Integrated technology will see functionality designed into the fabric of our lives – literally.

Technological advancement comes with upsides and downsides. While we watch for the first signs that robots are taking jobs, we can’t shake the idea that monotonous tasks being performed by robots could make things more interesting for us. But can we anticipate the extent of the true impact of technology? What about these ideas as conversation starters:

·     Synthetic biology will help us to live longer by allowing us to replace diseased organs. Good thing. But what will that do for the accelerating growth in world population? Will it be sustainable?

·     AI taking on the routine jobs humans find boring and unfulfilling? Good thing. Fewer jobs for some people. Not so great.

·     When Ernest Rutherford split the atom, he didn’t have Hiroshima or a US / North Korean on his mind.

History is littered with examples of inventions being used for a different purpose than originally intended. There’s nothing to suggest that this won’t continue.

So, while maybe not as important as splitting the atom, let’s look at a few things we see as being particularly life-changing at the micro level but which are trending as macro today.

The seven-day week

Outside religion, the future of the 5:2 construct is looking a bit dodgy. Observants may choose to worship on a traditional day but their peers may not need to fall in line. Business has no need of a day off even though human resource does – but who’s doing the work when we aren’t there? AI aside, huge numbers of people already work to a different beat than the traditional Monday to Friday model and there’s little to stop this trend until days, weeks and months are just names.

Your phone can’t survive VR

The nearest thing we’ve seen, in common use, to full augmented reality is Pokémon Go and we couldn’t get enough of it. A mixed reality where some people in one location can see a different set of surroundings and behave accordingly. Not only reality but mixed reasons for being there.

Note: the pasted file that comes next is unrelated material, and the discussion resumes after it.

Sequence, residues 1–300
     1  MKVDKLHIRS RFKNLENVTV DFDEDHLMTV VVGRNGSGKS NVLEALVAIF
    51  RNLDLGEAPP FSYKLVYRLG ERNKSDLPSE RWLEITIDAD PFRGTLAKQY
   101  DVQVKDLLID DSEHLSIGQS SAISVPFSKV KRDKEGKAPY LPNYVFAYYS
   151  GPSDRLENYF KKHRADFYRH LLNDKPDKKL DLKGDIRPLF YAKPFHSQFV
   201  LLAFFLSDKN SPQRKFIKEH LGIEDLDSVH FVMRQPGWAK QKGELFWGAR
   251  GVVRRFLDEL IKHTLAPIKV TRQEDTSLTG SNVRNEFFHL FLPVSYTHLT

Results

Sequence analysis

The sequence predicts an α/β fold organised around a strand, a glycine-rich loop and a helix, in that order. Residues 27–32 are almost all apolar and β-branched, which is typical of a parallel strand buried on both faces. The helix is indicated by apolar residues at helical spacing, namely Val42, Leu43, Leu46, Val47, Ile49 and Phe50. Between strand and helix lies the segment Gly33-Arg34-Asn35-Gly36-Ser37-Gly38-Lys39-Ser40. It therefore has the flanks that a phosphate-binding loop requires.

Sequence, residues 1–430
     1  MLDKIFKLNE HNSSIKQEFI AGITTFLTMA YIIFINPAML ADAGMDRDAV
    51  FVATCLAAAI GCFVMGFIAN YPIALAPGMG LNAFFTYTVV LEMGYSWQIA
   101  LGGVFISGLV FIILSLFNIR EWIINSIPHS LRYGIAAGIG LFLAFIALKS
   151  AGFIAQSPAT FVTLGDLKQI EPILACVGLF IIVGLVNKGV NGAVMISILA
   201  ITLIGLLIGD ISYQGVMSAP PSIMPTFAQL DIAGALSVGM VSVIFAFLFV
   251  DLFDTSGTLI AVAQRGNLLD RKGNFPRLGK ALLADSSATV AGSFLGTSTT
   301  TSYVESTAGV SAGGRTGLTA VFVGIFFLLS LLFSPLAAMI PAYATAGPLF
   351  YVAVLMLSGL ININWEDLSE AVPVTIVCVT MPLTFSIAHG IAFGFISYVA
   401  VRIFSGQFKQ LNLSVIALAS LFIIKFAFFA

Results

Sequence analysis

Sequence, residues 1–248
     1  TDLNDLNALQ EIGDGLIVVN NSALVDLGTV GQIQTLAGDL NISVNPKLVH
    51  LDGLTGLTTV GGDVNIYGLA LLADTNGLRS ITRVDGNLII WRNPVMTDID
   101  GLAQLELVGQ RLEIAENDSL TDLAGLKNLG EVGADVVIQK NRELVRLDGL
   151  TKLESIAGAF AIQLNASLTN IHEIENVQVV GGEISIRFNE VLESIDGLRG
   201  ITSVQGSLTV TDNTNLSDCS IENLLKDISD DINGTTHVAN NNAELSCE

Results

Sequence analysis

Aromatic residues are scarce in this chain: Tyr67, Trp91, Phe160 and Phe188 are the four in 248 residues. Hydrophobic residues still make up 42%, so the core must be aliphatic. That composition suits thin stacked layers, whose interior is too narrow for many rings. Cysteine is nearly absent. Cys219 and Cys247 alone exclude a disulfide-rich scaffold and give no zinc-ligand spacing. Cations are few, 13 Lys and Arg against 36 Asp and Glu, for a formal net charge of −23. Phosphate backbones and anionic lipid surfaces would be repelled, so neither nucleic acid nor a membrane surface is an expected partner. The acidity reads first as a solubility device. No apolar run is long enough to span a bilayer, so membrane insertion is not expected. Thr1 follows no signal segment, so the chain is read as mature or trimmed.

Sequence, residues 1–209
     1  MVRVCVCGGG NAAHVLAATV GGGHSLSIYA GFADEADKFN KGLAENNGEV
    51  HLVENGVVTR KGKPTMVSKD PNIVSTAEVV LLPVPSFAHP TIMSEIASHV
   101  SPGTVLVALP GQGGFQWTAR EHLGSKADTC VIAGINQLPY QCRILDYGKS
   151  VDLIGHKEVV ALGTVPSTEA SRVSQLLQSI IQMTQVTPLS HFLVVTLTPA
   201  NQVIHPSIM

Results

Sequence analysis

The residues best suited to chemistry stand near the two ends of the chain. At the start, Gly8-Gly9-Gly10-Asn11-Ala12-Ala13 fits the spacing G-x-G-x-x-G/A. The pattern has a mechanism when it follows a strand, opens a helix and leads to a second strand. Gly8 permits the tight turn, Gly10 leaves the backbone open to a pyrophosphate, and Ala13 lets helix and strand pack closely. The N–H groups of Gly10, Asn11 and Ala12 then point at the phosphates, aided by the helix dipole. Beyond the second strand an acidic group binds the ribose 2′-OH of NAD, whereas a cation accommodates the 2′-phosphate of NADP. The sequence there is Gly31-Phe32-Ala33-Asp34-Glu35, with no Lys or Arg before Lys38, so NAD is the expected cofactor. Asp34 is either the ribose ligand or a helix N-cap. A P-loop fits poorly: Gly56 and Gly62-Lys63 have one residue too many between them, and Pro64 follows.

Already 61% of people wear glasses. Today, VR headsets are as convenient as a Model T Ford on the M25. Mix Google Glass with cranial headsets and reformatted apps and the world you can live in will be immediately different and hugely more interesting than the regular one. Do you need a phone in this new world? No. But 39% of people will need to wear glasses (or similar) without prescription.

Cash

We cling on to cash like a safety blanket while inherently knowing that the financial system is an illusion. Tokens of value have been a part of our world for so long that it’s a hard one to shake and it’s nice to carry some of our wealth around with us. But cash has its downsides. It’s great for crime and tax avoidance and a bit inconvenient and insecure for large and regular purchases.

Cashless transactions already make it perfectly possible to travel the world with a phone and a passport. Crypto currencies are gaining ground in the finance and investment markets. Nano payments will make it even more possible for those coin-based transactions to be digitised.

Oh, and for the phone part of that scenario, don’t worry. Solutions are already in the wind: fingerprint identity, retina scanning, rings you wear that carry encrypted ID capability…

Wearable technology

Say goodbye to your Apple phone and Fitbit. Wearable technology is wearable because, on the timeline of development, these devices are still pretty rudimentary.

Integrated technology will see functionality designed into the fabric of our lives – literally.

100% fast connectivity will open the market up for technology to sit in every single part of our lives and make it necessary for manufacturers to get clever if they want us to assume their version.

Will wearables survive the new world that’s developing? Yes, but not obviously. Technology becoming ‘invisible’ and this word flags the insidious creep of tech and monitoring.

Your privacy

Just give it up. It’s already gone.

In World War II, intelligence services knew that the people sending messages to each other were identifiable – every Morse code transmission carried clues; the spaces between dots and dashes are unique to the sender and there are many other examples of how clever people in places like Bletchley Park could build a profile of an individual and where they were at the time of sending. This information was massively valued.

Today, we can build a very accurate picture of who we all are, simply from online information – and we give it away.

Just by looking at a social media presence, we can learn so much about you: who you are, where you live, who your family is, what they look like… Scrape a layer deeper and vital data such as medical details, latest family event, exact current location and where you go, preferences about the weather, which bank you use, where you work, who your friends are… it’s all there for everyone (not just anyone) to see.

If you think you will be able to shut this down, think again – or get used to the fact that your augmented (mixed) reality is going to feature ever more precisely targeted advertising and persuading nudges.

Technology is developing without our input or permission. The fact that we tend to accept it passively is nothing new. But the latest (sometimes called the 4th) wave of development is changing the paradigm again. We must recognise so that we can work with it rather than simply reacting to it.

Future thinking. Future proofing. Innovation justified. It’s what we do.

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